The legislative history of the 1942 Act reveals that the definition of the term "life insurance reserves" in section 803(b), which was incorporated in section 801, was intended to encompass the previously developed scope of technical reserves. Even this definition of life insurance reserves, however, was expanded beyond the narrow scope of technical reserves alone, so that the definition also covered some noncontingent claims, none of which were included within technical reserves.11 This broadening of coverage evidences Congressional intent not to restrict the new provisions to the previous narrow area. Indeed, the wiser interpretation of the 1942 revisions in regard to sections 801 and 803(b) would seem to be that Congress intended to eliminate the complex problems resulting from the technical reserves concept.
Moreover, the broadening effect of the 1942 amendments in this regard is even more apparent when it is seen that additional items were then, in 1942, added to "life insurance reserves" in section 801. In the House Report pertaining to this section, there appears: "The pro rata unearned premiums and the total unpaid losses on noncancelable health and accident policies are added to life insurance reserves in determining whether a company is to be considered a life insurance company." H. Rept. No. 2333, 77th Cong., 2d Sess. 109 (1942), 1942-2 Cum.Bull. 372, 454. (Emphasis added.) See S. Rept. No. 1631, 77th Cong., 2d Sess. 144 (1942), 1942-2 Cum. Bull. 504, 611. Since most, if not all, unaccrued unpaid loss claims would be included within the section 803(b) definition of life insurance reserves, and since even the section 803(b) definition included some non-technical reserves, we believe that "unpaid losses" were intended in section 801 to include all unpaid claims, both unaccrued and accrued. The language is clear, and the legislative history of the section supports this interpretation.12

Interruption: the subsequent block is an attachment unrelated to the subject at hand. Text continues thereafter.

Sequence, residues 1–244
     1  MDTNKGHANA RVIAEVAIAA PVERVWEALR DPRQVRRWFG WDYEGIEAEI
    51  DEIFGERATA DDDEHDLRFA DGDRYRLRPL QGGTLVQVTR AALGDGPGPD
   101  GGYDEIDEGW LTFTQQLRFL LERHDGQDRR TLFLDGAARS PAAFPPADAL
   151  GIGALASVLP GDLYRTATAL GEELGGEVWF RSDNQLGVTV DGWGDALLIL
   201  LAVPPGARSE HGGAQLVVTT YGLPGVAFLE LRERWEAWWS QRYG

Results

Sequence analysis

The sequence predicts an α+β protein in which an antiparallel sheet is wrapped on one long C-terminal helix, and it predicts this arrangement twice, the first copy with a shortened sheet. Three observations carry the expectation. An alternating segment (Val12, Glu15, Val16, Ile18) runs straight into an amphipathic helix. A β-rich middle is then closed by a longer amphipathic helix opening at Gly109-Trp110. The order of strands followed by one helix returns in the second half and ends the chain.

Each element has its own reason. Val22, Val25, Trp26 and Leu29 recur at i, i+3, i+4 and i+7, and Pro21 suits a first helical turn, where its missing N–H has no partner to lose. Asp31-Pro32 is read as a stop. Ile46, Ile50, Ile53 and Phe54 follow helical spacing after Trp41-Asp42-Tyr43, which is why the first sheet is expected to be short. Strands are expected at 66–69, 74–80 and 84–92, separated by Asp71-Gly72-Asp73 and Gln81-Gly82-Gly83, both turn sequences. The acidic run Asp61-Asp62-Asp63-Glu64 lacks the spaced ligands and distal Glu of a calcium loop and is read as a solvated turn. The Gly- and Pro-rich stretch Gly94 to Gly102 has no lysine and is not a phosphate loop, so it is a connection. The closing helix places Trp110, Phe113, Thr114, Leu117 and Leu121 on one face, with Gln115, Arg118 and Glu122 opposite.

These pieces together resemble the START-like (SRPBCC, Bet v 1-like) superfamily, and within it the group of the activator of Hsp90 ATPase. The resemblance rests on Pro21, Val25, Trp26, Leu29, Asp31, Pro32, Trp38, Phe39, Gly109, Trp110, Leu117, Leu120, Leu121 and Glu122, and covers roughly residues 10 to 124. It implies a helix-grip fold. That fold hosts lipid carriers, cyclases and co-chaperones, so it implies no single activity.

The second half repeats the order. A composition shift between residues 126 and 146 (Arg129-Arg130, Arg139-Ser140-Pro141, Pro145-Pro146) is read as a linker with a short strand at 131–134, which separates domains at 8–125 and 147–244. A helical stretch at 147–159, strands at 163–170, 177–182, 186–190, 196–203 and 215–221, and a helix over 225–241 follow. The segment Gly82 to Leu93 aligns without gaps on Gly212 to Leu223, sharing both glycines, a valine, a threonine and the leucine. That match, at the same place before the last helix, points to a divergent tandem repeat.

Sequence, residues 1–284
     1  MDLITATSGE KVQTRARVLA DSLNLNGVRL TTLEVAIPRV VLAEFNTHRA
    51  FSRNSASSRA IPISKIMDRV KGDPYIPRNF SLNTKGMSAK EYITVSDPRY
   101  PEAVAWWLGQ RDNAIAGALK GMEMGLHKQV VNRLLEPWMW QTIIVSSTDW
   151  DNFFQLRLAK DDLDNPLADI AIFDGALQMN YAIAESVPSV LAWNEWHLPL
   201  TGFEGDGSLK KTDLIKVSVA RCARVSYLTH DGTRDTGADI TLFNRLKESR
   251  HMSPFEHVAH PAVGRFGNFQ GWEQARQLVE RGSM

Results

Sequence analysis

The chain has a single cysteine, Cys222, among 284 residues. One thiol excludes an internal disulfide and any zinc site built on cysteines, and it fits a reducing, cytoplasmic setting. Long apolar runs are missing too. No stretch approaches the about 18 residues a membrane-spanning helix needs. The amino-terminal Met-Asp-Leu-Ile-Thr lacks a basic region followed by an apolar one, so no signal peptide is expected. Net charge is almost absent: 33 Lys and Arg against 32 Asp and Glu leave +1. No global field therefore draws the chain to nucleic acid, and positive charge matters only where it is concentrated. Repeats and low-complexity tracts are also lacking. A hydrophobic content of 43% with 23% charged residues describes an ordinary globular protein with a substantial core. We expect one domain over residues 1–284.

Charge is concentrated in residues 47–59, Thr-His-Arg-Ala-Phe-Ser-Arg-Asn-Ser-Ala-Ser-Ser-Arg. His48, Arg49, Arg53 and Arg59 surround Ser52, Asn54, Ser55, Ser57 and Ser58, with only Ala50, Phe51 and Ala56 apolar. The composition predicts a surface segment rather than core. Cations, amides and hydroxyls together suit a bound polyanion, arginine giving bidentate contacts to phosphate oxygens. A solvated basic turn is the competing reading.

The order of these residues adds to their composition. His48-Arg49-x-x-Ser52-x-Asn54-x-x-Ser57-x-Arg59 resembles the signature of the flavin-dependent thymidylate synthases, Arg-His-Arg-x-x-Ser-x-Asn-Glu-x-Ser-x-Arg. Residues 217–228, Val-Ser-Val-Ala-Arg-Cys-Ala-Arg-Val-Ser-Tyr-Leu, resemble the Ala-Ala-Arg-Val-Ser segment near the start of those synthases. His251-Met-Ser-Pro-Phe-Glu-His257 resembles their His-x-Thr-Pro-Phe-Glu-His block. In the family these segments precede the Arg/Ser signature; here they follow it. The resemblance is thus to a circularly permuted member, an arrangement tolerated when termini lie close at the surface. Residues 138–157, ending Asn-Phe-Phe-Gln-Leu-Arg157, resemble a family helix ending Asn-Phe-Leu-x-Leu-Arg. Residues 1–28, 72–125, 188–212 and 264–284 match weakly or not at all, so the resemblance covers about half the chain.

Apart from this interpretation of section 801,13 however, an examination of the other changes made by the Revenue Act of 1942, enacting the predecessor to section 806, and of the changes made by the Revenue Act of 1951, in which the method of application of section 806 was altered, demonstrates that Congress intended that "unpaid losses," as used in section 806, should include both unaccrued and accrued claims.
We have previously remarked that only a small percentage of the investment income of a life insurance company represents true income, since most of those receipts will eventually be returned to policy holders. This was originally allowed for by way of a deduction of a given percentage of the "mean of the reserve funds required by law." In 1942 this was changed to provide for a "reserve and other policy liability credit." Int.Rev.Code of 1939, § 203, as amended, ch. 619, § 163(a), 56 Stat. 870 (1942). That deduction was computed by multiplying the life insurance company's taxable income by a figure to be determined by the Secretary of the Treasury in accordance with a statutory formula. See Int.Rev.Code of 1954, § 804, ch. 736, 68A Stat. 258 (formerly Int.Rev.Code of 1939, § 202(b), as amended, ch. 619, § 163(a), 56 Stat. 870 (1942)). This figure was commonly called the "Secretary's ratio."